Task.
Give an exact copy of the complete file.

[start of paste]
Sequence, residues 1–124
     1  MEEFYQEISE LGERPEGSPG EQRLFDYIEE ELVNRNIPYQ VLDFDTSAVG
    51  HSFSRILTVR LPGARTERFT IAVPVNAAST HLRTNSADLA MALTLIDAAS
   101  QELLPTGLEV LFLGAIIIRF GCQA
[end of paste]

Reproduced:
Sequence, residues 1–124
     1  MEEFYQEISE LGERPEGSPG EQRLFDYIEE ELVNRNIPYQ VLDFDTSAVG
    51  HSFSRILTVR LPGARTERFT IAVPVNAAST HLRTNSADLA MALTLIDAAS
   101  QELLPTGLEV LFLGAIIIRF GCQA